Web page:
After years of cuts to school funding, Myers Elementary finally has a little walking around money.
School officials learned this week that they were among an elite group of schools in the country to receive a $100,000 grant from the Target corporation.
Myers was the only school in Georgia and one of 50 in the country to receive the grant, called a Target "Do Good" grant, this week.
School leaders have the leeway to decide what they'll do with the money when it comes, but principal Beth Hudgins said they still haven't decided how to spend it.
"It's still taking our breath away a little bit," said Hudgins.
The breathlessness is partly due to the fact that school leaders thought they were not going to get the grant and frankly weren't sure that they had correctly applied for it.
School volunteer Robbie McCormac had taken the initiative to apply for it when she heard about it in late November.
McCormac applied, she said, because she thought the school deserved it. She had a hard time specifying one particular part of the school's staff that deserved the award.
"Here on campus, I could see the different ways that the staff interacted..." she said. "They didn't know I was specifically observing them, but there were things that I sort of kept in the back of my mind about how I just felt like everybody was doing the most that they could to make these children succeed."
McCormac has been volunteering at Myers for some seven or eight years. She drives 25 miles to volunteer at the school though she's never had any children go there — and never will.
"I wouldn't do it if there wasn't a reason for me to be here," she said.
When McCormac clicked "submit," the screen went blank, Hudgins said, and no one ever knew if they'd even applied correctly.
Needless to say, when the word came that Myers was one of 50 schools in the country awarded the grant, there was a splendid mix of shock and excitement.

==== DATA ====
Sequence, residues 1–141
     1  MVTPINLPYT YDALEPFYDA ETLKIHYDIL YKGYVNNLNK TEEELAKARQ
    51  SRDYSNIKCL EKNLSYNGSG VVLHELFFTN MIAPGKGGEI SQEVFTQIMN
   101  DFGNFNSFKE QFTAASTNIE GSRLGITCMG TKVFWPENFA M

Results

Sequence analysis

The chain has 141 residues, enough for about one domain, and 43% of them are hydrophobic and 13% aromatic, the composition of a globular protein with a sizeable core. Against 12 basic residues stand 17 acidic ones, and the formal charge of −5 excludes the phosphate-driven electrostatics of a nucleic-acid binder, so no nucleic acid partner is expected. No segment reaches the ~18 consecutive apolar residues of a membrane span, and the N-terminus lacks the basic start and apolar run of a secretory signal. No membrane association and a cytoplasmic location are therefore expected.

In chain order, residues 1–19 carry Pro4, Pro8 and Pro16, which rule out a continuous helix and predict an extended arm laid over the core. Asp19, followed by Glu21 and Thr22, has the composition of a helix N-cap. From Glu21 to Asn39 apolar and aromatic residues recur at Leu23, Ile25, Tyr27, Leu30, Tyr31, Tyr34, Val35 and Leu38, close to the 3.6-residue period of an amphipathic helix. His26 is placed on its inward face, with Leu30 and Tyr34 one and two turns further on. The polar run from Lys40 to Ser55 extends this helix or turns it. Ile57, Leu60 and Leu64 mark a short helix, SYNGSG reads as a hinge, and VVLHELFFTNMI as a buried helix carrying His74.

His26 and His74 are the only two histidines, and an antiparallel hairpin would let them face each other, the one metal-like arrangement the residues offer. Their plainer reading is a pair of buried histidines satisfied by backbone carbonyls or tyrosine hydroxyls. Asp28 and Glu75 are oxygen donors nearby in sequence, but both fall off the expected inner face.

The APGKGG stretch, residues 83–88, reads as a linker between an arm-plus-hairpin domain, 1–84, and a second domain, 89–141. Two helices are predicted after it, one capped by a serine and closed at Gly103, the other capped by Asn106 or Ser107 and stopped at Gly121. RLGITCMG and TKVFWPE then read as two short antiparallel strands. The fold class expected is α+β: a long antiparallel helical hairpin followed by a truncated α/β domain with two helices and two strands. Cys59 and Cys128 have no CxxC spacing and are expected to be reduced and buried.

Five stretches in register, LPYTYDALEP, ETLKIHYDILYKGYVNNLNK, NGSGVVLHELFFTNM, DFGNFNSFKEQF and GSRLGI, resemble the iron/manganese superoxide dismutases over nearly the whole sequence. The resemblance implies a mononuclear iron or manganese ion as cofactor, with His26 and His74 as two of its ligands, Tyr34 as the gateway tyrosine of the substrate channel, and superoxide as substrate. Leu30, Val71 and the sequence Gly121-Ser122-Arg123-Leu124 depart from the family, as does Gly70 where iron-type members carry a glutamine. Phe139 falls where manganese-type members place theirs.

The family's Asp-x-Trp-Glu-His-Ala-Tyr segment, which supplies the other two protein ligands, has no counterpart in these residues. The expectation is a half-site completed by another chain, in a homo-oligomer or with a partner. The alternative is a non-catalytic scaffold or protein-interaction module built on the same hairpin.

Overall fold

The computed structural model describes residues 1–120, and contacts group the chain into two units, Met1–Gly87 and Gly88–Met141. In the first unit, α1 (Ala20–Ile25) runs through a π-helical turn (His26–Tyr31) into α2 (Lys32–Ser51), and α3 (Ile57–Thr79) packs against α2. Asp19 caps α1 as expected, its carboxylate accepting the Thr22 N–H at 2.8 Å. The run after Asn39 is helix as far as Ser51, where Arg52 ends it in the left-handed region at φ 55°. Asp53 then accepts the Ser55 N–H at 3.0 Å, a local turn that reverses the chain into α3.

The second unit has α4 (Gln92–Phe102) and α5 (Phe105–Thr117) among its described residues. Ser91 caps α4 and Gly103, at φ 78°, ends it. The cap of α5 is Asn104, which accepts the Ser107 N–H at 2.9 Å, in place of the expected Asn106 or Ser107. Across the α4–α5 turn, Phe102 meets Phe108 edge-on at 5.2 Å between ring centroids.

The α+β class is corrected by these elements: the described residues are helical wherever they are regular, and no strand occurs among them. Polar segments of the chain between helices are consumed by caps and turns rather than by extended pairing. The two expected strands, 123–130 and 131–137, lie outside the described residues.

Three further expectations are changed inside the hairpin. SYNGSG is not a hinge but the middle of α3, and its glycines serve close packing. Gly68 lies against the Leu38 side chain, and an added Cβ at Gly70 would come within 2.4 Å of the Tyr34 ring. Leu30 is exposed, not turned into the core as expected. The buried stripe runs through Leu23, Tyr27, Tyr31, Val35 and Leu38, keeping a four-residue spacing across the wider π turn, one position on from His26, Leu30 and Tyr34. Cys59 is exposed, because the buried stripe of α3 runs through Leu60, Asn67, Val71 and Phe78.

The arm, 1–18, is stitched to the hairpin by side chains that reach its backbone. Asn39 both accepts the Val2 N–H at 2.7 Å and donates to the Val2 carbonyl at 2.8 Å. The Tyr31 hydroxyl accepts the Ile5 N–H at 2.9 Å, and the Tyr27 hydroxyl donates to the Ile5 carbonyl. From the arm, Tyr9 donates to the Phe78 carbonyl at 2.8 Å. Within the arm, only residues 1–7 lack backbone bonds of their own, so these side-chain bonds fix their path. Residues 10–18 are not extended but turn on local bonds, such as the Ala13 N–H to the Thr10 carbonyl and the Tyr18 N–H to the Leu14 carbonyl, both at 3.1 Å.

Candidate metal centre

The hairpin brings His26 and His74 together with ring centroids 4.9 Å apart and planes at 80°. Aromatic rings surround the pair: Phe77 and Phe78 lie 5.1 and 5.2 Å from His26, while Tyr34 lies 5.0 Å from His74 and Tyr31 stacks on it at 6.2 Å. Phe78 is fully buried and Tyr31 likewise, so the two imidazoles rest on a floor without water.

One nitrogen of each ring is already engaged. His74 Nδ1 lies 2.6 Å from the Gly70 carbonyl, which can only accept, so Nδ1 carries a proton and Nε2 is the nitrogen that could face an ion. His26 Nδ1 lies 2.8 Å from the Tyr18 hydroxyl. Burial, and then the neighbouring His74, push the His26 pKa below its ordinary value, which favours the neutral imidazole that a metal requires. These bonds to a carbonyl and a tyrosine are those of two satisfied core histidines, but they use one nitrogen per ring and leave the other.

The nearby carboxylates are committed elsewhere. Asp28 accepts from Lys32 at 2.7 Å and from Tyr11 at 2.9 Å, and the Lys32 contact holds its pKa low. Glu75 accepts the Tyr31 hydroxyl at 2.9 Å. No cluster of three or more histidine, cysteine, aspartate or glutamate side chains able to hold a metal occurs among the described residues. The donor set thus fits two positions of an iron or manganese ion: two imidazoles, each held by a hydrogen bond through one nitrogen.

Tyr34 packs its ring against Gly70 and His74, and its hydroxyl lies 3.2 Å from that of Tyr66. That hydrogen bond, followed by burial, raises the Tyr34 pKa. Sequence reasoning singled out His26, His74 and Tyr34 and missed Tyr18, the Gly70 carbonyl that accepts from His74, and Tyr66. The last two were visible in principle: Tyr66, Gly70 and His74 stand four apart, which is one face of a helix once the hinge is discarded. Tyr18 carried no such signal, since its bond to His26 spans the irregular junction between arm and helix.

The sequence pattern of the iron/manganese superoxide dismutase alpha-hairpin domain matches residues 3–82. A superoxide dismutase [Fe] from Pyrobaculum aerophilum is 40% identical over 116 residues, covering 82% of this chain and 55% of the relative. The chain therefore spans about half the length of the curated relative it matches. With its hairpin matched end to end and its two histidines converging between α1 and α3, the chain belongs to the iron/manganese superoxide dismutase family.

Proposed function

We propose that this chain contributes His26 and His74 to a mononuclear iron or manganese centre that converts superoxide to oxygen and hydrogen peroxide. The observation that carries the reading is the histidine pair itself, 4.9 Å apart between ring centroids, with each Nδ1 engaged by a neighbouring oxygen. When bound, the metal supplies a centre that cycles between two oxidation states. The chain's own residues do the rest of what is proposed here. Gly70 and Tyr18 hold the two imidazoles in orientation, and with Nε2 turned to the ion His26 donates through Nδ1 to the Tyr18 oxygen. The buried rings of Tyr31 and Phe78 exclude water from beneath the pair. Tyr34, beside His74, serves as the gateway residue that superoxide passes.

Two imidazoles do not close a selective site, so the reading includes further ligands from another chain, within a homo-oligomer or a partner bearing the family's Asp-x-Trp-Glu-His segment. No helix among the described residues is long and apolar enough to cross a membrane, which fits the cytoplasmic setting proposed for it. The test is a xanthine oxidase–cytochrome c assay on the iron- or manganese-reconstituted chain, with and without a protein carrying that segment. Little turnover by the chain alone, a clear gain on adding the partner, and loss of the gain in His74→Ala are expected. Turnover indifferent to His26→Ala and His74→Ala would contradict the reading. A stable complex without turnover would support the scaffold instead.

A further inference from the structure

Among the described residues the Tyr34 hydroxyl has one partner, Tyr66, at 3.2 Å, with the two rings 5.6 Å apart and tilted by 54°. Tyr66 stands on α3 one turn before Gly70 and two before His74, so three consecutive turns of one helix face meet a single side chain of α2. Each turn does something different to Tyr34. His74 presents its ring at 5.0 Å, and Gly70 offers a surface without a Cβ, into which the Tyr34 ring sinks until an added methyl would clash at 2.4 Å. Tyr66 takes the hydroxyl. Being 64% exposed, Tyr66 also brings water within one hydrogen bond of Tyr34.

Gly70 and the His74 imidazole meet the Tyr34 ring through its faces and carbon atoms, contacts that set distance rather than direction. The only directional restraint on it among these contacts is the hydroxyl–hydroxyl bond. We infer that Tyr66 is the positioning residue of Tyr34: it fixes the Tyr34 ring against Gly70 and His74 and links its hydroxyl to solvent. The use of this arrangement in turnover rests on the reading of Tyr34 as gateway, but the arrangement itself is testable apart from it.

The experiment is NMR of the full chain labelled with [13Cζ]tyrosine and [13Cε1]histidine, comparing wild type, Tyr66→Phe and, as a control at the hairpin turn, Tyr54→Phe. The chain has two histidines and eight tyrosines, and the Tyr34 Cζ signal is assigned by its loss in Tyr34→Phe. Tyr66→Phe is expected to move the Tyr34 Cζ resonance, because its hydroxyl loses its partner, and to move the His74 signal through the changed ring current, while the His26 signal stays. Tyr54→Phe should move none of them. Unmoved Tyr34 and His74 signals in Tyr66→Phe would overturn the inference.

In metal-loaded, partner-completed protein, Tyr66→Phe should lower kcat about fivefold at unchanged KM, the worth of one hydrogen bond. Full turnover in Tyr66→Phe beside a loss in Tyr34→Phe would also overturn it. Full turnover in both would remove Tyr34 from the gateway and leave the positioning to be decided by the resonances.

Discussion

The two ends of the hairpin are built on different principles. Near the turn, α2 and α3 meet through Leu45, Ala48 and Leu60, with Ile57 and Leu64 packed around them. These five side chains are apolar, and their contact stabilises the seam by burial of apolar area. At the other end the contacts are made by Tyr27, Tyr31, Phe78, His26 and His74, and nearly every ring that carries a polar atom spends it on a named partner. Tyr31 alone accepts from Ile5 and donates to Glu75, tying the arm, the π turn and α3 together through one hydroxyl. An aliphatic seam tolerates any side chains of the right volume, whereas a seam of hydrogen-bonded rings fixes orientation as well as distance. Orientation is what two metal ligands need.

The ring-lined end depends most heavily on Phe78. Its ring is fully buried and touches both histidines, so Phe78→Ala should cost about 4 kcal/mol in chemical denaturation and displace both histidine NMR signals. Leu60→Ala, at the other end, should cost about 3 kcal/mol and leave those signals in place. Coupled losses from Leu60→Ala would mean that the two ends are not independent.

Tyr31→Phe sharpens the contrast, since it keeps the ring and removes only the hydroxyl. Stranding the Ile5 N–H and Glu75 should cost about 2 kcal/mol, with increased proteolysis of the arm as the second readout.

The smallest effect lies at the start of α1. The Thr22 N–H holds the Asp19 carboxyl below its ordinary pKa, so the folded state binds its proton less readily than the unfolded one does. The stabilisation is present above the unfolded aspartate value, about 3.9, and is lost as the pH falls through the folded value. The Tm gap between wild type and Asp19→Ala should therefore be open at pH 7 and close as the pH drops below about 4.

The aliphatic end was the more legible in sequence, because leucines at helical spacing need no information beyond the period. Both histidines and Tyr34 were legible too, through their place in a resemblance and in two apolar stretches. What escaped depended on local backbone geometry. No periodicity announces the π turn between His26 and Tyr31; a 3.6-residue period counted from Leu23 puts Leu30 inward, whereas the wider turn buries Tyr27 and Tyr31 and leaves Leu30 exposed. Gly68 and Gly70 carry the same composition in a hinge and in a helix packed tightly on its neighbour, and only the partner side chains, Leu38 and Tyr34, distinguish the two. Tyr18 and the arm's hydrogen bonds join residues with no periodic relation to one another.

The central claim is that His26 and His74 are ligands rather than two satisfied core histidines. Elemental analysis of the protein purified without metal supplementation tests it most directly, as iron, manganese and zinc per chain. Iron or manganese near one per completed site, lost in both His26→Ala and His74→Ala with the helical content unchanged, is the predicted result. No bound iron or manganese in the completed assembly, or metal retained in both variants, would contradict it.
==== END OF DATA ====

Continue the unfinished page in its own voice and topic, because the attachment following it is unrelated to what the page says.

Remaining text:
No one knew exactly what to do.
"Everything is so brand new," said McCormac. "Literally, we're talking about hours since finding out about this kind of thing and needless to say nothing has been decided."
And Hudgins and McCormac say nothing will be decided until everyone — from teachers to parents to students — have input on how the money could be best used to improve the school.
Hudgins does know, however, that it will likely revolve around reading. A number of the school's students are newcomers to Georgia, knowing little to no English.
But to succeed in math, social studies or any other subject, the children will need to know how to read, Hudgins said. The school has a goal of getting 90 percent of its students reading at what is considered their grade level by the third grade.
It's also a goal Gov. Nathan Deal laid out in his State of the State address this year for all schools.
Myers is "not there yet," but Hudgins said the school is making tremendous progress.
"In everything we do around here, our first priority is to make sure our kids can read on grade level," Hudgins said. "Everything begins there and branches out."
Myers is a Title 1 school, meaning it receives special federal funding due to the high proportion of students on a free or reduced-lunch program.
And for McCormac, that means that there's really nothing the money couldn't be spent on that wouldn't be important.
"It's not a secret that it's very hard to run a school these days, no matter where you are," said McCormac. "Because (the grant) is unrestricted it allows us to dream and possibly look toward the things that were unreachable because of the cost and now see that as being a reality."